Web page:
A Different Pond

  • Title: A Different Pond
  • Author: Bao Phi
  • Illustrator: Thi Bui
  • Publisher: Capstone Young Readers
  • Publication year: 2017
  • Brief Summary: From Capstone: “A Different Pond is an unforgettable story about a simple event – a long-ago fishing trip. Graphic novelist Thi Bui and acclaimed poet Bao Phi deliver a powerful, honest glimpse into a relationship between father and son – and between cultures, old and new. As a young boy, Bao and his father awoke early, hours before his father’s long workday began, to fish on the shores of a small pond in Minneapolis. Unlike many other anglers, Bao and his father fished for food, not recreation. A successful catch meant a fed family. Between hope-filled casts, Bao’s father told him about a different pond in their homeland of Vietnam. Thi Bui’s striking, evocative art paired with Phi’s expertly crafted prose has earned this powerful picture books six starred reviews and numerous awards.”
  • Ideas for using this book in classroom or library – Much like My Grandfather’s Coat or even Nana Akua Goes to School, the immigrant experience present in this book could be a great teaching tool. I find this book especially interesting during this time of COVID-19, where there have been many anti-racist movements, including a #StopAsianHate movement. This book in particular would be a healthy representation of Asian culture, especially the Asian immigrant culture. This book could be used in a history class, or even for older children in their study of the Vietnam War.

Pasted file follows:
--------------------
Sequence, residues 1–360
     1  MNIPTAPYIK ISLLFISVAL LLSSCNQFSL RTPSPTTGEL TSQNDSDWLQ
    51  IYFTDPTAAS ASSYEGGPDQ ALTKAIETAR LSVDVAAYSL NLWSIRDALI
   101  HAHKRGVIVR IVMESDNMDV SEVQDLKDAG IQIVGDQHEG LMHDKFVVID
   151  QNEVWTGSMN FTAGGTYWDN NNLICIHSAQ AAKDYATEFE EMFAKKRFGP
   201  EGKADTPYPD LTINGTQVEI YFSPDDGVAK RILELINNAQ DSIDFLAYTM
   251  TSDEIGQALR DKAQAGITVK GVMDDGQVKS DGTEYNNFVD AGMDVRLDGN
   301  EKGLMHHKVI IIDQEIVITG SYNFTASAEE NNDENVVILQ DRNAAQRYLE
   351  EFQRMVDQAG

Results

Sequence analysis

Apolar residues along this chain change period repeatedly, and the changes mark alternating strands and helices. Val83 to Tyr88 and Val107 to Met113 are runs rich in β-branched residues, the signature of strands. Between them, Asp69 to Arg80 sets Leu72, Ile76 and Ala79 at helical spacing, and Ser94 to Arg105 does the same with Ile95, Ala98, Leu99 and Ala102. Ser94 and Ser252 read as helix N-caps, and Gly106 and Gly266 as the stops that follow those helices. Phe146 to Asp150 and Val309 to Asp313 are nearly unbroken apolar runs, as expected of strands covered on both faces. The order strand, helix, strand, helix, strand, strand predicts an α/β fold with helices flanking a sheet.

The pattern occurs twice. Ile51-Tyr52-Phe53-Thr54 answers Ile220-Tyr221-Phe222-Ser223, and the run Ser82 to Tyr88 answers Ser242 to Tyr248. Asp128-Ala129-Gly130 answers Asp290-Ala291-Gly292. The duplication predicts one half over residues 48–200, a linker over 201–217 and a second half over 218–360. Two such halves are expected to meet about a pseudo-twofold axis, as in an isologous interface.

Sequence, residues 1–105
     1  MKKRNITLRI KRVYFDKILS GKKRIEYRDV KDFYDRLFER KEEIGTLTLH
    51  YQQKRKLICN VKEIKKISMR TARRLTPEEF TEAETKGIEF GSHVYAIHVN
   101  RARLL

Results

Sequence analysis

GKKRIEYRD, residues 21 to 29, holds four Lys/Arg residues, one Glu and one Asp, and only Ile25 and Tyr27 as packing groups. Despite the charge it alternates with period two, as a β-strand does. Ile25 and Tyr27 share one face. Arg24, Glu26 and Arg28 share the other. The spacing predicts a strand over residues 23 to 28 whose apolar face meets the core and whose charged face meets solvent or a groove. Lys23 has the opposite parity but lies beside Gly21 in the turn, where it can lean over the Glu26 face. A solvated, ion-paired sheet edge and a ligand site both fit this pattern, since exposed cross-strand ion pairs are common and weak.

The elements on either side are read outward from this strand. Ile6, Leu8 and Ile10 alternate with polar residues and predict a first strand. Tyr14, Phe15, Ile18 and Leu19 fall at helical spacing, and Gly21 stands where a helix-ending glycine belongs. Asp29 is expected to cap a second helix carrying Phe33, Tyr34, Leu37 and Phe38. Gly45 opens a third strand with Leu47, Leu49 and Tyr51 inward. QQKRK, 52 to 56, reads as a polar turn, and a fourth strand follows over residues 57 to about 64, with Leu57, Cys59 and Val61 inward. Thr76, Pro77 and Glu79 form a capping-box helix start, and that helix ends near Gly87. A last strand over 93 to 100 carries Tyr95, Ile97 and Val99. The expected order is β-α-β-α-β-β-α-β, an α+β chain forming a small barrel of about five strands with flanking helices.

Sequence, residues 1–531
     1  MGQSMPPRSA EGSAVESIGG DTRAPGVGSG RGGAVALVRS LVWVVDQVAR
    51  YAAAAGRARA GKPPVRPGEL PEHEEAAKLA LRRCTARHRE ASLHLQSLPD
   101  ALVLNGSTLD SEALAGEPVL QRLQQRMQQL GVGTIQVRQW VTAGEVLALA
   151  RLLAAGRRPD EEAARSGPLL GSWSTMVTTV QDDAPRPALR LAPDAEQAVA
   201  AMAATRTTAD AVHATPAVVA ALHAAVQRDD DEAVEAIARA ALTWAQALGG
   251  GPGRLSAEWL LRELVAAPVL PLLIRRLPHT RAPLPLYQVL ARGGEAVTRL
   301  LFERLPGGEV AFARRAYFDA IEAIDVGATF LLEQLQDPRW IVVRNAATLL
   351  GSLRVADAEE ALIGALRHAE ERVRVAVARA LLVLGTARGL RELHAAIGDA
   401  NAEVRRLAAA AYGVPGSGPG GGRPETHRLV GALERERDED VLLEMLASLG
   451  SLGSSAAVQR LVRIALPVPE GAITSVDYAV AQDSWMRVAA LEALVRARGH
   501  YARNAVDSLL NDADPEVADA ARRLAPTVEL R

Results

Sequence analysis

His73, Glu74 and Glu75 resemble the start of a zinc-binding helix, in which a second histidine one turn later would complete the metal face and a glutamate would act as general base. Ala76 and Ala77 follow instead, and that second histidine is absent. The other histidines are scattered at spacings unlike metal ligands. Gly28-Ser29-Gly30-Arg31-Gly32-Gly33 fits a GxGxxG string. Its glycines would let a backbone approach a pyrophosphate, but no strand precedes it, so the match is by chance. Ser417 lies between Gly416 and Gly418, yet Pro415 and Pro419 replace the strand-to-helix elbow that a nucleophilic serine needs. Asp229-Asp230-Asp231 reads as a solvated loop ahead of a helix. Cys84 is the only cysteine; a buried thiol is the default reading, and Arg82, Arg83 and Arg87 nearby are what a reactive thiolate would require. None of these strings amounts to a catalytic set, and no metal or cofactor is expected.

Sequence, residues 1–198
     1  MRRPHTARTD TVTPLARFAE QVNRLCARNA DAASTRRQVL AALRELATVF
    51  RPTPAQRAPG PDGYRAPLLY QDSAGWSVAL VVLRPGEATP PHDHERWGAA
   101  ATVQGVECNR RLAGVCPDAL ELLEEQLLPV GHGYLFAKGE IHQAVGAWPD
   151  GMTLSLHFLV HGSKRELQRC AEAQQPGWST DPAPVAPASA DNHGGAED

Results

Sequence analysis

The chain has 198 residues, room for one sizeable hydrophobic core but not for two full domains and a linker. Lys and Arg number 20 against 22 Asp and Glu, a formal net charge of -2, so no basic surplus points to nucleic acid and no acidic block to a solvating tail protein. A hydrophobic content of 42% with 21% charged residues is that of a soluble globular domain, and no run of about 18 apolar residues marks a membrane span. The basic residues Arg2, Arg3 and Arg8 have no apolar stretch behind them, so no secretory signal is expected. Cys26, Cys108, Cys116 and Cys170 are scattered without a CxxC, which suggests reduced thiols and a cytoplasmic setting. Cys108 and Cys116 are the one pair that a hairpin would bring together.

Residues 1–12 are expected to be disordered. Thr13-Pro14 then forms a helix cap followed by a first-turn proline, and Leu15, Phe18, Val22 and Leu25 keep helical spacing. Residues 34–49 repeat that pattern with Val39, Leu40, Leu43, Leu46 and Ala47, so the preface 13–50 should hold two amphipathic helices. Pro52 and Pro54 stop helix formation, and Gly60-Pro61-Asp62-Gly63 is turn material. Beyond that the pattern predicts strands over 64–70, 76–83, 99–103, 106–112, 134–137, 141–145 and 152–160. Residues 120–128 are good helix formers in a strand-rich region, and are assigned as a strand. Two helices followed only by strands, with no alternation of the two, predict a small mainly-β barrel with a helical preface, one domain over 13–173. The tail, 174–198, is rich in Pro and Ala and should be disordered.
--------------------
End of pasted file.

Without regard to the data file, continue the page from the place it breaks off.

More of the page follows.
• Whatever additional notes you’d like to add about this book and why you liked or didn’t like it. –Thi Bui’s illustrations adds so much to the story. In particular, the two page spread where our protagonist is staring out the car window and marveling at the early morning streets, is evocative. The reader can feel the heat that the father puts on, can smell the wet leaves and see the light as it refracts on the road. Additionally, the illustrations that are in panels make for a fast pace. The color scheme of blues and greens, punctuated with bright, yellow artificial light really allow the reader to feel that it is really is night.

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